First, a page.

Planetary Report Card: Failing
by Lorna Salzman
WORLD POPULATION: 6.4 billion, over 4X the population at the start of the 20th century; will reach 9 billion by 2050, mostly in the poorest countries. Sub-Saharan population, which is growing by 2.5% per year, twice the rate of Latin America and Asia, is expected to double, to 2 billion, by 2050. India's population is expected to grow 52%, to 1.6 billion, by 2050, Pakistan's by 134%, and triple digit population growth is expected in Iraq, Afghanistan and Nepal.
CONSUMPTION SINCE 1950: energy, steel, timber doubled; fossil fuel & car ownership quadrupled; meat and fish consumption quintupled; paper use sextupled; air travel increased 100-fold.
AMERICAN ECOLOGICAL FOOTPRINT: Americans' environmental impact 20X that of developing countries' residents; 6 more planets would be needed for them to consume at our rate.
RICH-POOR DIVIDE: doubled in the past 40 years; upper 20% in Europe, Japan and North America consume over 80% of global energy and materials; poorest 20% consume 1%. Net worth of the world's 350 billionaires exceeds that of the poorest 2.5 billion people.
SOCIAL DEPRIVATION: 900 million adults are illiterate; poor countries pay over $350 billion a year to service their debt to developed countries ($2.4 trillion total).
BIODIVERSITY: each day we lose up to 150 species (historical background extinction rate was one species per year); since 1950 the "biotic holocaust" has extinguished up to 600,000 species; if trend continues, half of all earth's species will be gone in the next 50 years and it would take 5 to 10 million years to recover today's biodiversity.
FORESTS: half of the earth's original forest cover is gone and another 30% degraded or fragmented; half of remaining forest is threatened by logging; each year we lose 100,000 square miles of forest, mostly tropical; 50-90% of terrestrial species depend upon forests; over half of threatened vertebrates are forest species.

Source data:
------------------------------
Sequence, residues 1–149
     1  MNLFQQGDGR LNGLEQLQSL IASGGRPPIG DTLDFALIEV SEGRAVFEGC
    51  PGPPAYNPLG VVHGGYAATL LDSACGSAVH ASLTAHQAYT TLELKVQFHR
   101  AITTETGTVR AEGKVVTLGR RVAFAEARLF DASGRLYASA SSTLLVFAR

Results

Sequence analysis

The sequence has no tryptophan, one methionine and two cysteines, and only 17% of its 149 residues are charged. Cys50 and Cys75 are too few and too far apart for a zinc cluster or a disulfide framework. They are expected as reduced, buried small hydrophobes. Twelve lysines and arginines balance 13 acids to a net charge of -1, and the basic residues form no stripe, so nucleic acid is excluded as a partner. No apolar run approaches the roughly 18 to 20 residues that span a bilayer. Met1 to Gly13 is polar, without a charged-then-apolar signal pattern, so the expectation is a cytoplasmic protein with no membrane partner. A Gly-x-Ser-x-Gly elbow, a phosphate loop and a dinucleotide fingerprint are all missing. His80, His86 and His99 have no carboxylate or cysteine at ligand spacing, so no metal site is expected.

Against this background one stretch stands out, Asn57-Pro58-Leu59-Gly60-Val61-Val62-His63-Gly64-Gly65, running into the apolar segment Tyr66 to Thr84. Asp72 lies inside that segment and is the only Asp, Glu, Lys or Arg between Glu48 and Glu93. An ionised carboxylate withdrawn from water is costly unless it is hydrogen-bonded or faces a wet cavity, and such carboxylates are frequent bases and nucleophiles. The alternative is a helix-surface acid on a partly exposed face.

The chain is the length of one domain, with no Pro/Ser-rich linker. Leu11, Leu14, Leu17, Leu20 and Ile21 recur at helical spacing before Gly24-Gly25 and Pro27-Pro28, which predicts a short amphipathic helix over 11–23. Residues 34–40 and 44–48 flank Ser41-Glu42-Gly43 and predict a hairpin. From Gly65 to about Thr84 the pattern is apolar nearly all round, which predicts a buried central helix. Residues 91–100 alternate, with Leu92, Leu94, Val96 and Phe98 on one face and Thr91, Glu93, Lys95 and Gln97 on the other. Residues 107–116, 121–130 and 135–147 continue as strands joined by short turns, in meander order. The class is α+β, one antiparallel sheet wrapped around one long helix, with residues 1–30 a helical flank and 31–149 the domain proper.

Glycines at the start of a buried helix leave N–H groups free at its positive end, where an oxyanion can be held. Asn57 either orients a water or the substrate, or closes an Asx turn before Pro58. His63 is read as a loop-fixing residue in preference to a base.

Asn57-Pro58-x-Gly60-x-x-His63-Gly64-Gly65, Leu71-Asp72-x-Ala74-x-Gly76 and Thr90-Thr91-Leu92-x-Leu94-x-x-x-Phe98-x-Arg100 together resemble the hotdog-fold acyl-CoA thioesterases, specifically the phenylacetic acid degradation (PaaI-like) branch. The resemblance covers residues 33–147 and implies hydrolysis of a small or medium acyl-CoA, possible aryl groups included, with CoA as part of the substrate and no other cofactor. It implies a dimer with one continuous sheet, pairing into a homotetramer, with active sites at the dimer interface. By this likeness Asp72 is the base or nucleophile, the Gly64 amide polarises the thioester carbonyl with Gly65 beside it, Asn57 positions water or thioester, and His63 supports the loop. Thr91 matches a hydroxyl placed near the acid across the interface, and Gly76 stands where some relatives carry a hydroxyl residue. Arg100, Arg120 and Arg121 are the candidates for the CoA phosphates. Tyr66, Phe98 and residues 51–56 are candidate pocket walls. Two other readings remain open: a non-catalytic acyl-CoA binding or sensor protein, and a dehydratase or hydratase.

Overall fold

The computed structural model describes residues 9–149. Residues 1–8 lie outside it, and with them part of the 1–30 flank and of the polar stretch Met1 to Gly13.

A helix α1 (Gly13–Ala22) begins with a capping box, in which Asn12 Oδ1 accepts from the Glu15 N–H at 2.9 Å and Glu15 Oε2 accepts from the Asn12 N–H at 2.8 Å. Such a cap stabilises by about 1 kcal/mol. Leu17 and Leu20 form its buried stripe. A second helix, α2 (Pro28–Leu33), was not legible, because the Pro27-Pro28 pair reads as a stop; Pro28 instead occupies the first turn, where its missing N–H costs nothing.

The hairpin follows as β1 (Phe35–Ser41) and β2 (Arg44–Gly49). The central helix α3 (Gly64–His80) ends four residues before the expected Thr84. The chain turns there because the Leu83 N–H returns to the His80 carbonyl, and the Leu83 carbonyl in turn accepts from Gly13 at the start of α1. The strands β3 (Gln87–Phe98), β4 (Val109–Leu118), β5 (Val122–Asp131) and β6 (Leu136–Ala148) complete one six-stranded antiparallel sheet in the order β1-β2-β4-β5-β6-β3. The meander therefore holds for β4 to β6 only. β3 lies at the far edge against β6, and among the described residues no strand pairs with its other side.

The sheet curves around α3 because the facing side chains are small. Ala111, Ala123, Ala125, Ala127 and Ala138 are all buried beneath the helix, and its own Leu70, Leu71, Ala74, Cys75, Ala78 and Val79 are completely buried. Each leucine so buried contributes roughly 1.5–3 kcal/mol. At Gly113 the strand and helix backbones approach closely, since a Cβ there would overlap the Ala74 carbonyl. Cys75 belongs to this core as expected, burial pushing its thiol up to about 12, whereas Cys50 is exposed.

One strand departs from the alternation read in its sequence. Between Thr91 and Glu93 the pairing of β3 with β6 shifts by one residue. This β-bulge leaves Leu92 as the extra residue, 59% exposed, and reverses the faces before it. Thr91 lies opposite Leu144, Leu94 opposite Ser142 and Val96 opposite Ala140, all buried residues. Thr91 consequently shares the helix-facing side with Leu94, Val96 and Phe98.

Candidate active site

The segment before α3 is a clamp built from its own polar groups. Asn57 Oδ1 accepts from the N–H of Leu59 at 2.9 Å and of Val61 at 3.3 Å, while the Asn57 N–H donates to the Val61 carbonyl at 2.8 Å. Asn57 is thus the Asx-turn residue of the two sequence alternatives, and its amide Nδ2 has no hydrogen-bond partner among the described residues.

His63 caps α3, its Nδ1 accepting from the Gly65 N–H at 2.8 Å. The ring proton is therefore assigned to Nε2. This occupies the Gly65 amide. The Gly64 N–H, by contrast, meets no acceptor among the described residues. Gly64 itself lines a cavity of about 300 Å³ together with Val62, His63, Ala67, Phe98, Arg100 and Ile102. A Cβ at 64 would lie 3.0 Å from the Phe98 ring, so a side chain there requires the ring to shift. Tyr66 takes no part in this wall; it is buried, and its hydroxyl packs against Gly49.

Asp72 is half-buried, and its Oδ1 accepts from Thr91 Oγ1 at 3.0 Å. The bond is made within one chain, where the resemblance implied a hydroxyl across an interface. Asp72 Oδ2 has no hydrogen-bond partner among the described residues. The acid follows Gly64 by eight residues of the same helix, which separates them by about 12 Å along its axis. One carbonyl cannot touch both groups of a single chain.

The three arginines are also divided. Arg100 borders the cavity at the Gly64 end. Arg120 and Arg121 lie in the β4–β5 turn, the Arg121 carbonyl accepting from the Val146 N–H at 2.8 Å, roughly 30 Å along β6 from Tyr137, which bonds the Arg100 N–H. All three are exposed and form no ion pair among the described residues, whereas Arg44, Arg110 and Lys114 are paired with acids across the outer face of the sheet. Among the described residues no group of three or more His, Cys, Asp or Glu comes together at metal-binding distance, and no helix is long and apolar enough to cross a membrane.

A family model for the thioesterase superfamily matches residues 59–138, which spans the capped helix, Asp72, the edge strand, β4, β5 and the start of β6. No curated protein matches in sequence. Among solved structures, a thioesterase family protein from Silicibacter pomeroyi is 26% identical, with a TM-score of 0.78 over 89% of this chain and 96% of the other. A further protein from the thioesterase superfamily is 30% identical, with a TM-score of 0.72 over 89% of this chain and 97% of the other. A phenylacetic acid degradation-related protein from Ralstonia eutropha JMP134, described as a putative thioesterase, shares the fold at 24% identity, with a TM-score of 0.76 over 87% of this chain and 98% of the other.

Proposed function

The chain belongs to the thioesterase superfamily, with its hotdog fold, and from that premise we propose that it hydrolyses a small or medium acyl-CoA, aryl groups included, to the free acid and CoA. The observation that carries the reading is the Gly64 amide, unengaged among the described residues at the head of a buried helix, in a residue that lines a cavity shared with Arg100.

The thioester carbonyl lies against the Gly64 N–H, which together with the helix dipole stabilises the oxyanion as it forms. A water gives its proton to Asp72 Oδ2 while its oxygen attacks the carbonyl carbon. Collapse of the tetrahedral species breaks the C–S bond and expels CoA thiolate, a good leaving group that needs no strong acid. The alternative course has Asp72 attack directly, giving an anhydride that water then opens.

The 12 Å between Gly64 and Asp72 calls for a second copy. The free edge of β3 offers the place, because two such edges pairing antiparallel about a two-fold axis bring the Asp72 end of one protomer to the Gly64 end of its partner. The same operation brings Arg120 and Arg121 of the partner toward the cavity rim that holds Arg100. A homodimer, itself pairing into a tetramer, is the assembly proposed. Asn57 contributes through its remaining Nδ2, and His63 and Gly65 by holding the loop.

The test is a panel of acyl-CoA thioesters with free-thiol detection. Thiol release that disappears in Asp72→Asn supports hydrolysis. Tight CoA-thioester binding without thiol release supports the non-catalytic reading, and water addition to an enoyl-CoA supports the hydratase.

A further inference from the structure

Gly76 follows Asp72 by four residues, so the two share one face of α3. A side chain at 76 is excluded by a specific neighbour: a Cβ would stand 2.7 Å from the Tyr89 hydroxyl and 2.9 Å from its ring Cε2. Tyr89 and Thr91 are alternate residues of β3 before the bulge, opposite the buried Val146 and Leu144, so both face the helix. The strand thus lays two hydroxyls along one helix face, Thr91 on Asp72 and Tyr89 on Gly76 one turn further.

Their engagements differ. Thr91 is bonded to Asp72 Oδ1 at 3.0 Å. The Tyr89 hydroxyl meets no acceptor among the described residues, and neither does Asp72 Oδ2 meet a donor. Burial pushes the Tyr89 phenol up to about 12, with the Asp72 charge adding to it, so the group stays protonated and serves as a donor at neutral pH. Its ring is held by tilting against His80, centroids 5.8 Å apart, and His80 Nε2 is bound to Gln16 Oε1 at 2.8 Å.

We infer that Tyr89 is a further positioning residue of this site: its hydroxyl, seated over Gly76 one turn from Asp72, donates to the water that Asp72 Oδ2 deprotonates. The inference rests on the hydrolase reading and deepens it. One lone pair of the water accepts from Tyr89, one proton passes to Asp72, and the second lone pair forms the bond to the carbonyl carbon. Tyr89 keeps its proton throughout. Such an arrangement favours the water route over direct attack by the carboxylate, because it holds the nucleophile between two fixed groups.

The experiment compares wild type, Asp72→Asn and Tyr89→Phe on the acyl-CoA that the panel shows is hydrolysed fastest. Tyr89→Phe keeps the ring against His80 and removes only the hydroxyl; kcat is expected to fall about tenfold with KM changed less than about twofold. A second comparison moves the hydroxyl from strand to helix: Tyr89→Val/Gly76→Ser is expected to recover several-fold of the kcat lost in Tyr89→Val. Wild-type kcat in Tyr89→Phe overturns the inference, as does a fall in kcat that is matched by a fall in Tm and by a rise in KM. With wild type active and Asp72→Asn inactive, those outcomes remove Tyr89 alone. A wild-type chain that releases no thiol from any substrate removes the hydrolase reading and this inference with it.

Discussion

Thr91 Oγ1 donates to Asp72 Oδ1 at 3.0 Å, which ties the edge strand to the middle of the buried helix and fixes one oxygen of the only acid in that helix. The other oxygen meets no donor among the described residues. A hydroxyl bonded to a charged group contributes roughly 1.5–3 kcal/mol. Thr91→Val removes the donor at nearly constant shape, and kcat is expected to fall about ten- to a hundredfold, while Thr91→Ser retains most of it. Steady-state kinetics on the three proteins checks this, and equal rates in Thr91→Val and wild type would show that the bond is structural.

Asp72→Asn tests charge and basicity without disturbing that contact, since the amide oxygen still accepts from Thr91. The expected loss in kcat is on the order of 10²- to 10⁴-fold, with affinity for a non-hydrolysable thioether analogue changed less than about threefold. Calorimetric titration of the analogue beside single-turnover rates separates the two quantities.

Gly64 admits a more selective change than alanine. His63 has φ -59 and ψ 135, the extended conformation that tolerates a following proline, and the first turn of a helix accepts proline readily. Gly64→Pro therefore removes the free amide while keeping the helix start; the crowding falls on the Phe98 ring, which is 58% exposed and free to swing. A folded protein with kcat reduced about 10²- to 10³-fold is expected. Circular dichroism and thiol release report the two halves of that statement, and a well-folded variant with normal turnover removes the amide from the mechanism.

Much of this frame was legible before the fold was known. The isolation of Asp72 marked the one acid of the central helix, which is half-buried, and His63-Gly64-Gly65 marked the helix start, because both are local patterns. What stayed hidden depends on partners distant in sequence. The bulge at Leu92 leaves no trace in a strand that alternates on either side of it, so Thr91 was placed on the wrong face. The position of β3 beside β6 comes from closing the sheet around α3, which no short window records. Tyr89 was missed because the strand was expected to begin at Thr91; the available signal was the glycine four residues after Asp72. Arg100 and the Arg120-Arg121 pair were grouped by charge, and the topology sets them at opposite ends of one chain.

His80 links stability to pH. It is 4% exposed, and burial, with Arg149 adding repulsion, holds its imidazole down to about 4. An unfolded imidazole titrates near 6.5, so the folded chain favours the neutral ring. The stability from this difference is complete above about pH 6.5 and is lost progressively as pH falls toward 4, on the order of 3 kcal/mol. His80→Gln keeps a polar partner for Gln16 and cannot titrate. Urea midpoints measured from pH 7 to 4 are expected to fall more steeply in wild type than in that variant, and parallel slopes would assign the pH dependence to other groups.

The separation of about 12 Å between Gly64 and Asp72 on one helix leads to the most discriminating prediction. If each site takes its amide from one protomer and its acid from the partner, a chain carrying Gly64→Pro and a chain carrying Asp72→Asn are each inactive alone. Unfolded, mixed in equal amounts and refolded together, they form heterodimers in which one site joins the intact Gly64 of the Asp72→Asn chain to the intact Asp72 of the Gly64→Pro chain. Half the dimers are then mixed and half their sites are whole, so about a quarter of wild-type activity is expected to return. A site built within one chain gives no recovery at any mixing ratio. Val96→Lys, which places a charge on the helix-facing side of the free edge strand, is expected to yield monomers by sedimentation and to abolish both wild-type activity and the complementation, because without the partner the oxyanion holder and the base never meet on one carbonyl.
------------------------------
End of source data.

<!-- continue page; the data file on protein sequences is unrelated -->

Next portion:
FOOD: 1 billion people are undernourished and 600 million are overnourished; 8 countries can't grow or buy enough food; by 2010 global food supply will fall short of demand; over 6 million people, mostly children, die annually from malnutrition; 20 billion tons of topsoil are lost each year.
WATER: 70% of all water used by humans goes to irrigation, with most of it leaking or evaporating; 2 billion people drink water contaminated with human/animal waste and chemicals, resulting in 1.5 billion cases of child diarrhea and 3 million deaths.
OCEANS: 70% of fish populations and 90% of top predators are overfished; warmer ocean temperatures have killed one quarter of the world's coral reefs; Australia's Great Barrier Reef faces complete collapse by the end of this century if warming continues.
ATMOSPHERE: carbon emissions from fossil fuel burning are 6.5 billion tons per year, four times the 1950 amounts; atmospheric CO2 levels are now at 33% greater than pre-industrial levels; global warming is accelerating polar ice cap and mountain glacier melting, a rising sea level and more severe and frequent floods and droughts costing about $80 billion and 20,000 lives each year.
CLIMATE CHANGE PROGNOSIS: Many scientists now believe that average global temperature already exceeds the pre-industrial level by more than 2 degrees Celsius, which many consider an irreversible tipping point for climate change and that the climate disruption we are now experiencing will last for another 1000 years even if we stabilize CO2 emissions immediately at their present level.
Sources: Prof. Richard Steiner, Univ. of Alaska-Fairbanks; "The Heat is On", Ross Gelbspan; Scientific American, December 2002; The Ecologist, November 2001.